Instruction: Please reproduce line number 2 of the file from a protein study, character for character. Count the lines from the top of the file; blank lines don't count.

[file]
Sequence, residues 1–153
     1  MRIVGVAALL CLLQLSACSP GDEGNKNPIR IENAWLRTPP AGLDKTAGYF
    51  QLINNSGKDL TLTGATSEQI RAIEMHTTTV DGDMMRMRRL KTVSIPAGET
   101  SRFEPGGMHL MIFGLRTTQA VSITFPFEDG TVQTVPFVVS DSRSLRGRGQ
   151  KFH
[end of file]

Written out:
     1  MRIVGVAALL CLLQLSACSP GDEGNKNPIR IENAWLRTPP AGLDKTAGYF